Big Data Hot Job: Data Engineer - InformationWeek

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Big Data Hot Job: Data Engineer
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pfretty
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pfretty,
User Rank: Ninja
9/12/2014 | 10:59:34 AM
Data culture
When it comes down to it, the more organizations embrace and leverage data to enhance operations and improve customer experiences (top two goals according to an IDG SAS survey), the more important it is to spread the focus and knowledge around to all the information users. I think there are benefits to having data scientists and data engineers, but where data is actually applied is far closer to the front line. These are the decision makers who need the skills and tools the most.

Peter Fretty

 
Gigi3
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Gigi3,
User Rank: Ninja
9/11/2014 | 1:07:12 AM
Re: Puffed-up title or truly different skills?
"I've seen some cases of people just upgrading their titles without upgrading their skills. But people who have truly graduated to data engineer can manage Hadoop clusters, handle data processing on the platform, and identify, move and, perhaps, cleanse and normalize subsets of data of interest for deeper analysis by the data scientists."

Doug, in career growth skill updation is more important than title. Titles imply only about responsibility and it can get changed at any instant. Moreover job can be executed through reporting subordinates. But skills matter and important as long as they are with industry.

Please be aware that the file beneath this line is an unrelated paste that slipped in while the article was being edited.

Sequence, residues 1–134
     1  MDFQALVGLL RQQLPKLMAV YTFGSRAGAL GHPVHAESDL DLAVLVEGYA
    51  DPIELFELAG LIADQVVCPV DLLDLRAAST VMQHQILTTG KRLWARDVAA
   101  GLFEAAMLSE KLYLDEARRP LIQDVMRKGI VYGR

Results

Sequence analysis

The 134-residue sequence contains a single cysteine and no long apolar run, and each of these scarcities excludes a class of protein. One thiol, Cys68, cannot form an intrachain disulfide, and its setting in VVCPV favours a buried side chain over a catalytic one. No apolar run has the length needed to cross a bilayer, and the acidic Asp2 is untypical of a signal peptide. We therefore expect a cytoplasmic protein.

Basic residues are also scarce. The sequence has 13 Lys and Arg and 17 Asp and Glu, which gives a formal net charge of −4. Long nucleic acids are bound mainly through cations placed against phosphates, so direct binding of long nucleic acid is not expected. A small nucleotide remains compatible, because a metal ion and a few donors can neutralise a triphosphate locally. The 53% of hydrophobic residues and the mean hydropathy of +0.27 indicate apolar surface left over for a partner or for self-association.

Gigi3
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Gigi3,
User Rank: Ninja
9/11/2014 | 1:03:02 AM
Data Scientist
"It's been said many times that the key to a successful big data strategy is to hire a team of data-savvy individuals, each with a particular skill set, rather than trying to find a single data scientist adept at multiple disciplines, including computer science, mathematics, and domain expertise."

Jeff, that's a good option. So peoples with different skill set can work together for a single goal.
Laurianne
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Laurianne,
User Rank: Author
9/10/2014 | 4:24:59 PM
Re: Puffed-up title or truly different skills?
Self-upgrading of titles happens when a field is hot.
Doug Henschen
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Doug Henschen,
User Rank: Moderator
9/10/2014 | 12:43:38 PM
Puffed-up title or truly different skills?
In the legacy enterprise realm this data engineer/data scientist split would be akin to the data-management types (DBAs and ETL/data-integration professionals) versus the data analysts and analytics professionals (handling BI and data mining, respectively).

I've seen some cases of people just upgrading their titles without upgrading their skills. But people who have truly graduated to data engineer can manage Hadoop clusters, handle data processing on the platform, and identify, move and, perhaps, cleanse and normalize subsets of data of interest for deeper analysis by the data scientists. Data scientists, meanwhile, can write algos and develop data-driven applications from scratch whereas old-school data miners are more likely familiar with SAS, SPSS and perhaps R-based algorithms that can be called and tested in building models on supported workbenches or studios.

The old skills are still in demand, but the new skills are much rarer and sought after by pioneering data-driven organizations exploiting varied and high-scale data types not stored in old-school data warehouses. 


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